Buying a holiday? Get your Atol CertificateTravel retailers must show how you're protected

01 October 2012

ATOL logo

You must be given a certificate when you buy an Atol protected holiday

Travel agents and tour operators selling holidays involving a flight with hotels or car hire must give travellers a certificate explaining how their holidays are protected from today.

The Atol Certificate must be given out to everyone who buys a holiday that is covered by the , which protects your money if a company involved in the holiday goes bust before you depart and guarantees you will be brought home if the company collapses while you are abroad.

New laws increasing the number of holidays protected by Atol have been in force since April, but from this month it is now a legal obligation for retailers to give you a certificate. Failure to do so is a criminal offence, which could ultimately be punished by two years in jail.

Atol protection

ATOL large

You should be given a certificate, like the one shown here,  stating what parts of your holiday have financial protection, what company is giving you that protection, and what you are entitled to if that company goes bust.

You should be given a certificate in three circumstances. The most simple is if you buy a traditional package holiday, covered by the European Package Travel Directive.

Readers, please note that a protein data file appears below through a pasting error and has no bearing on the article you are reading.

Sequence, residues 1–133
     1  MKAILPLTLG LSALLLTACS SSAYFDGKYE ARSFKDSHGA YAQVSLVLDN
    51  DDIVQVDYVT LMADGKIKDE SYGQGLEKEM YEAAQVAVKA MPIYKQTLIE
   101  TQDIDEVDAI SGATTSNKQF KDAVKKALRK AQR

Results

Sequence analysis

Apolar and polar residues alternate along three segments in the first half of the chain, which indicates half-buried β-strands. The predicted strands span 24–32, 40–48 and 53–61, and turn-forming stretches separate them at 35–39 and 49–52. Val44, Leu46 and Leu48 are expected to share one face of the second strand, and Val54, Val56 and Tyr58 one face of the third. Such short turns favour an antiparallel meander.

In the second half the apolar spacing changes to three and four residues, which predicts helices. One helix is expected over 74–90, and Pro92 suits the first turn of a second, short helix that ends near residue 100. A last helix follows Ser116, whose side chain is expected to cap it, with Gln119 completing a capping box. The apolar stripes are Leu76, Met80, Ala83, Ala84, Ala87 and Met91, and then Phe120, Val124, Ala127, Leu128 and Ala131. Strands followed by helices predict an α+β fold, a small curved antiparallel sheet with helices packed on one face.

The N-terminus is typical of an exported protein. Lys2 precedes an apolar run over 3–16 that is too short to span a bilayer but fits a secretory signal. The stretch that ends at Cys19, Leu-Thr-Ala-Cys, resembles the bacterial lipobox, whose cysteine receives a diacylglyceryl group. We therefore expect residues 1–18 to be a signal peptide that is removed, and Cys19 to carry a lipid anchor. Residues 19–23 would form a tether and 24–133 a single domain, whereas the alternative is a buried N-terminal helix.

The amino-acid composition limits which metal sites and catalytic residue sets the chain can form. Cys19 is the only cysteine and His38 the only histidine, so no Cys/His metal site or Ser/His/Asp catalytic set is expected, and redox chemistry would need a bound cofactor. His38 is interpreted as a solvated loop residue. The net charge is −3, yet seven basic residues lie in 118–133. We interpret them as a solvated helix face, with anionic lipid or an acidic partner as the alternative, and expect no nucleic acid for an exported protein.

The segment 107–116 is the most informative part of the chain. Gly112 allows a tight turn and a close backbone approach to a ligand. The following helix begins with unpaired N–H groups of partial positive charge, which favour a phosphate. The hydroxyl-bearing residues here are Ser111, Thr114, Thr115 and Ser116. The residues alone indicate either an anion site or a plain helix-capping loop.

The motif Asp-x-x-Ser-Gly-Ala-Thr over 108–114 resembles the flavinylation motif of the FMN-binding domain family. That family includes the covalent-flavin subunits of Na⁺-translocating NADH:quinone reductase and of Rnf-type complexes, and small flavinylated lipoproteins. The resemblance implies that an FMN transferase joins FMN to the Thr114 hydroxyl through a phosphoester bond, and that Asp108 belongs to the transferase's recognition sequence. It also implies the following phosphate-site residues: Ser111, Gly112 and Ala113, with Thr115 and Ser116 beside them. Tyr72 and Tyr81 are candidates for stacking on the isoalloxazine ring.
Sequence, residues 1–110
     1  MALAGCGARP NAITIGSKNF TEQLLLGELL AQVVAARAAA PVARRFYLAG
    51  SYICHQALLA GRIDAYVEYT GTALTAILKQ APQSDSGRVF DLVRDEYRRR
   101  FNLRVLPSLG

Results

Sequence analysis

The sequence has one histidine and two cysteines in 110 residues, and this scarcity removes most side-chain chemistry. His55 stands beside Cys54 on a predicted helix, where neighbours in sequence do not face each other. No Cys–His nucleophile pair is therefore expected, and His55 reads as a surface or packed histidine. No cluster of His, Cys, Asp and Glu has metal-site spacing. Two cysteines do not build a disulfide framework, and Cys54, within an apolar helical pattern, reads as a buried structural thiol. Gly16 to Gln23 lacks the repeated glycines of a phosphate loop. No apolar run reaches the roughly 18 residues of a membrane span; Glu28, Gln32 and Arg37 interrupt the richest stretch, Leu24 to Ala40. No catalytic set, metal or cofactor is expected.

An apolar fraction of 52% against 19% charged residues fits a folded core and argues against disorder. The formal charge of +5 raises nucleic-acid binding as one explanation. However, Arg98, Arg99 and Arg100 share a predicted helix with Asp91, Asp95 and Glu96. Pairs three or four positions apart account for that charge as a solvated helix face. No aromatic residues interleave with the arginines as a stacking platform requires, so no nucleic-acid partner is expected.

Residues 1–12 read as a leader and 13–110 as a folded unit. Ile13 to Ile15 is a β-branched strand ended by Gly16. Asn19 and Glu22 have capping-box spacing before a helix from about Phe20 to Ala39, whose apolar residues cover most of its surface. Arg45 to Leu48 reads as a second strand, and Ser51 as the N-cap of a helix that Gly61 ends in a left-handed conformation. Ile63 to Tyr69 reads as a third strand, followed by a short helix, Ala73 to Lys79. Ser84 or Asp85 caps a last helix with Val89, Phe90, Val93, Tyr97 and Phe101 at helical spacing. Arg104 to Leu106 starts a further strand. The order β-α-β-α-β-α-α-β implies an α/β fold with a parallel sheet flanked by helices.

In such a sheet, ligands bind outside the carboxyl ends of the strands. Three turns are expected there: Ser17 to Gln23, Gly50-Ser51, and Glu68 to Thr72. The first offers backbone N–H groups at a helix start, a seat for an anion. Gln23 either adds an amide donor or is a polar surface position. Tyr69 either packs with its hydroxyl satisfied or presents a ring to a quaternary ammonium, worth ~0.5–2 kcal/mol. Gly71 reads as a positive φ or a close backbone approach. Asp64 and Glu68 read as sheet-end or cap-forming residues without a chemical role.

Another is what is known as a Flight Plus holiday, which is not covered by the Package Travel Directive, but does have the financial protection of the UK's Atol scheme. The third is if you buy only a flight from a retailer that is not the airline.

Ask for your Atol Certificate

Sales of holidays by airlines themselves are not covered by the Atol scheme, so you should not expect an Atol Certificate from airlines. 

Which? thinks reforms to the Atol system could go further by bringing airlines into the scheme.

Always ask for an Atol Certificate if you buy a package, Flight Plus holiday or a flight from a retailer other than the airline. If you are not offered one consider whether you should book the holiday, and report the retailer to the Civil Aviation Authority.

A Which? spokesperson said: 'Travel agents and tour operators are, by law, required to issue Atol certificates which are vital for holidaymakers to know the level of protection they have for their holiday. We would advise consumers not to book through a travel agent or tour operator who is unable to issue an Atol certificate for an Atol-protected holiday.'

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